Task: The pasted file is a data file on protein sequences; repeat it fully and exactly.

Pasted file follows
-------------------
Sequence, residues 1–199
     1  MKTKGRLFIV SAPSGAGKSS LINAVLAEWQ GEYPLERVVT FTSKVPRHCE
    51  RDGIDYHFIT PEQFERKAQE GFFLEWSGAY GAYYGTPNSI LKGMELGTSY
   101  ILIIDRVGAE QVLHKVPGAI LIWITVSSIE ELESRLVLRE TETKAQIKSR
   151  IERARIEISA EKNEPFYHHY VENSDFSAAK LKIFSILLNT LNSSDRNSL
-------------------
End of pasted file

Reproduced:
Sequence, residues 1–199
     1  MKTKGRLFIV SAPSGAGKSS LINAVLAEWQ GEYPLERVVT FTSKVPRHCE
    51  RDGIDYHFIT PEQFERKAQE GFFLEWSGAY GAYYGTPNSI LKGMELGTSY
   101  ILIIDRVGAE QVLHKVPGAI LIWITVSSIE ELESRLVLRE TETKAQIKSR
   151  IERARIEISA EKNEPFYHHY VENSDFSAAK LKIFSILLNT LNSSDRNSL